Following yesterday’s presentation of the new measures to combat COVID-19 by Croatian Prime Minister Andrej Plenković, a meeting among stakeholders within the Government kick off this morning on the possible consequences for the hospitality industry.
The new measures stipulate that cafes and restaurants, as well as gyms, will shut down at midnight.
Franz Letica, president of the Zagreb Association of Caterers, said before the meeting that it was important to reach an agreement today, according to reports by Croatian website Index.
“Today we have to agree on everything. There must be no second round of negotiations, that is crucial”, Letica said.
The caterers suggest two models for overcoming the situation. The first model compensation is of a longer-term nature and is based on the following measures:
– Reduction of VAT to 5% for a period of three years and to 13% in the long-term for all caterers
– Continued support for the preservation of jobs until April 2021 – HRK 4000 with a taxes and contributions waiver (until May 1.5.2021, XNUMX)
– Compensation of 10 euros per square meter of space for rent costs.
– COVID-19 lending with state aid to ensure liquidity (HAMAG BICRO liquidity loans for three or five years with additional targeted guarantees and a moratorium on credit obligations for entrepreneurs in lockdown).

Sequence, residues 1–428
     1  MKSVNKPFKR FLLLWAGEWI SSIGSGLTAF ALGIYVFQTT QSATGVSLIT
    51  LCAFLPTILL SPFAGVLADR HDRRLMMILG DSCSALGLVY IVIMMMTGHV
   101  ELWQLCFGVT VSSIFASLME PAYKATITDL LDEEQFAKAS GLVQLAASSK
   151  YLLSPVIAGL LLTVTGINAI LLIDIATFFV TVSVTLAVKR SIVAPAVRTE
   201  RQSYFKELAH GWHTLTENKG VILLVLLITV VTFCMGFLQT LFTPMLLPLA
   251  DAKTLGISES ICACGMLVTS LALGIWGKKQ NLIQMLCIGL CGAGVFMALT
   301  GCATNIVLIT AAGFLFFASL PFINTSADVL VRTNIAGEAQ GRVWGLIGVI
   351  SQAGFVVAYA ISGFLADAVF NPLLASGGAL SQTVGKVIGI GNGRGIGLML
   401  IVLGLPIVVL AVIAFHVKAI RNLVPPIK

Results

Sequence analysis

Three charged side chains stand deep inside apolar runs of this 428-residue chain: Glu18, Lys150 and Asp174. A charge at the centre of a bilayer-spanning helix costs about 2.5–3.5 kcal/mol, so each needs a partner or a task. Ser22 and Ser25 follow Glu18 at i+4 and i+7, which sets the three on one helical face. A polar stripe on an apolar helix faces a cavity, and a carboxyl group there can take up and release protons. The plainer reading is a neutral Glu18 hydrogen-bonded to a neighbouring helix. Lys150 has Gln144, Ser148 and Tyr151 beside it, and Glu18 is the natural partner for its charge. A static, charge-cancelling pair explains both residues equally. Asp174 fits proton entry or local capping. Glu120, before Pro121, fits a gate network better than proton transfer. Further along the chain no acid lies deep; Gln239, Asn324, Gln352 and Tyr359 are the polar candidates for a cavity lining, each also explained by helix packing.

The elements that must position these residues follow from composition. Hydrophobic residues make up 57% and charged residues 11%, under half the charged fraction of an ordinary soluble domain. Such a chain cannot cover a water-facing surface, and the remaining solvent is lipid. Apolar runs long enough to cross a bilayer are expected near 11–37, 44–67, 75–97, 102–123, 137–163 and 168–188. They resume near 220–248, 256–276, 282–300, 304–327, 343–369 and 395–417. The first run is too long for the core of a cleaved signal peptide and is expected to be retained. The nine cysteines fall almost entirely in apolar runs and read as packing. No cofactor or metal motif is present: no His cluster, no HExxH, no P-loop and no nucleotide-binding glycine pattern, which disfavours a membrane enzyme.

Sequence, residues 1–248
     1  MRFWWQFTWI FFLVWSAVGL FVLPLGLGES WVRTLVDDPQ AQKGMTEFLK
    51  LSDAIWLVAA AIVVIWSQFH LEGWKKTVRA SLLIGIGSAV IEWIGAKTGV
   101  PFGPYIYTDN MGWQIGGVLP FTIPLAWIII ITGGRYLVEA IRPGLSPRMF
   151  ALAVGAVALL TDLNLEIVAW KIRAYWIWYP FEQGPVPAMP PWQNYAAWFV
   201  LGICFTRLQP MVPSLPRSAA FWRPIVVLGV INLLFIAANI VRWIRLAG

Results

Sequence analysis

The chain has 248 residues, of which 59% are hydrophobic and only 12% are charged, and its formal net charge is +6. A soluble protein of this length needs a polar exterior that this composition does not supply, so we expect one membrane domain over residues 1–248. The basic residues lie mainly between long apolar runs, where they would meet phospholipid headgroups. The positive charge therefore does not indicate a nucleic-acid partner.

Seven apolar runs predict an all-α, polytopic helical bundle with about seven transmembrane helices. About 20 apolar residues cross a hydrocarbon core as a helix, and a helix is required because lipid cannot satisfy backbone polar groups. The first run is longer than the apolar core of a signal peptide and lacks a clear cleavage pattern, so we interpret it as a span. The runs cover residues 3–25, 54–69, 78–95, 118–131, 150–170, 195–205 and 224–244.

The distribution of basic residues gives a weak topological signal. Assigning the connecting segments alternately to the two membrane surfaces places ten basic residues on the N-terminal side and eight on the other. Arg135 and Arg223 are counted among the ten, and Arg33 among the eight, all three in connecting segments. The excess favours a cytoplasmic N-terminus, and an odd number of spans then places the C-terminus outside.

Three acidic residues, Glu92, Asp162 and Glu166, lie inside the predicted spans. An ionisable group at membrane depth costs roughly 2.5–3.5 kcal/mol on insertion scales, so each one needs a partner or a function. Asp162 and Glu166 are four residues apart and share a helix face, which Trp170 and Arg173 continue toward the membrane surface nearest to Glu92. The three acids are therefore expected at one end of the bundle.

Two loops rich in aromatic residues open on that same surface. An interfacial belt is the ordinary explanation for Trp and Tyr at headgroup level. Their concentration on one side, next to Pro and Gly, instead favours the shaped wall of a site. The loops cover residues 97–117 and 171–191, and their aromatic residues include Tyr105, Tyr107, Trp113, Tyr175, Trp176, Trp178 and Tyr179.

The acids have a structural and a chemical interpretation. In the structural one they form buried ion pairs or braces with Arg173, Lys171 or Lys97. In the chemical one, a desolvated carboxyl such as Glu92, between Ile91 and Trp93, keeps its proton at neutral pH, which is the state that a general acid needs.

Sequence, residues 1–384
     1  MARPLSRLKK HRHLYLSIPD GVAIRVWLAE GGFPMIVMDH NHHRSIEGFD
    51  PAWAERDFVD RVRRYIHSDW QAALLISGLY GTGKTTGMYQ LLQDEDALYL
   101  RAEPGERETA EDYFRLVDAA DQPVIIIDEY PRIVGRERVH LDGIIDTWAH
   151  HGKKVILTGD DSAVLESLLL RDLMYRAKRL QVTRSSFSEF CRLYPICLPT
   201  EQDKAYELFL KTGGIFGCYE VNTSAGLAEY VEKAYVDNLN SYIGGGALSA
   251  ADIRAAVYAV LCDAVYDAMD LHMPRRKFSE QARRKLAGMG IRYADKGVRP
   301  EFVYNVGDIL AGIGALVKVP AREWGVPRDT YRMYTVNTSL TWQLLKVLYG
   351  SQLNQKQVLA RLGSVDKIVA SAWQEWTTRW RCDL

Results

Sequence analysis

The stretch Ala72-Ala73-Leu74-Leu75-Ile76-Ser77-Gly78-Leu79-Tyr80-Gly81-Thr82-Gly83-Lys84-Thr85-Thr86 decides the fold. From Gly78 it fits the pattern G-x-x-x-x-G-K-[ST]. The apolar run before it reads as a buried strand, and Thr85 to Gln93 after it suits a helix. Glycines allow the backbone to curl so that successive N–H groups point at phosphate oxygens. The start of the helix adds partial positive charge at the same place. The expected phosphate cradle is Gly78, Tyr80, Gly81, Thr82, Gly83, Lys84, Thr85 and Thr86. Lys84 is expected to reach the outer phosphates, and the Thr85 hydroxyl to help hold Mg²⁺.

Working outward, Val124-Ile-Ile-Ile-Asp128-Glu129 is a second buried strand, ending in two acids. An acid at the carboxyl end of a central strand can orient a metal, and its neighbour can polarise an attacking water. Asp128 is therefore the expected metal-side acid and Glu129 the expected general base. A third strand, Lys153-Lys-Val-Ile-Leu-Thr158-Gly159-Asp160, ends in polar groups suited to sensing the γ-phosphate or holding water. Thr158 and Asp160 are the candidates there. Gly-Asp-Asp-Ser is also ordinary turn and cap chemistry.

Another model compensation provides:
– Payment of salaries of business owners in addition to those of workers – 50% of last year’s figure in the form of a direct grant from which workers are paid by being exempt from contributions.
– Exemption from all fixed obligations during lockdown at all levels of government (rents, utilities, garbage collection, water charges, monument rent…)
– VAT reduction – a permanent topic in the context of the possibility of opening space for new reserves when businesses resume and with the aim of boosting competitiveness (harmonization of rates with EU countries that have introduced VAT reduction as one of the measures to combat the Covid-19 crisis)
– Exemption from parafiscal charges – as a special cost that additionally burdens employers.
The new measures provoked angry reactions from entrepreneurs, with the president of the Voice of Entrepreneurs Association (UGP) Hrvoje Bujas warning that the private sector was gearing up for a round of strikes.
“There is always a plan B. If we don’t really find a happy medium, the UGP as the umbrella association of entrepreneurs, but also a branch of private entrepreneurs counting more than 13,000 members including additional partners such as truck drivers, bus drivers, hairdressers, beauty salons, fitness centres and retail, is actually ready and willing to go out and make a blockade and organize protests so that everyone knows that the private sector was and is not made up of second-class citizens. We are equal, just as important as all other citizens,” Bujas said for Nova TV.
Asked if that also meant a roadblock, Bujas clarified: “If nothing else remains, this is what will happen.”
Bujas says that 100,000 jobs are in jeopardy at the moment, and if such measures are extended, the number will grow. /ibna